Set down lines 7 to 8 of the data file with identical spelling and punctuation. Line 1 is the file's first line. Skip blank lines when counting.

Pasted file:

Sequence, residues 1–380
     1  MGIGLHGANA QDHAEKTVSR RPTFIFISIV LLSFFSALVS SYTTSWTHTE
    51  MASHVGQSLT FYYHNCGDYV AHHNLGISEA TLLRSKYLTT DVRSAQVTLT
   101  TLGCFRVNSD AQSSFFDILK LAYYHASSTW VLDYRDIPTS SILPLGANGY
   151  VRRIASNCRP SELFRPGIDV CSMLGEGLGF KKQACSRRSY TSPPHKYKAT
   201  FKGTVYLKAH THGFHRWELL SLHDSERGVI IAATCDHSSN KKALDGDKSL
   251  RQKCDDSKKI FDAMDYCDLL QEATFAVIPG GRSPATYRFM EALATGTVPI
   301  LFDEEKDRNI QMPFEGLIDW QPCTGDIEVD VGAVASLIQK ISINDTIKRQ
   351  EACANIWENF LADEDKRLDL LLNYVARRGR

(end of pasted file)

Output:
   251  RQKCDDSKKI FDAMDYCDLL QEATFAVIPG GRSPATYRFM EALATGTVPI
   301  LFDEEKDRNI QMPFEGLIDW QPCTGDIEVD VGAVASLIQK ISINDTIKRQ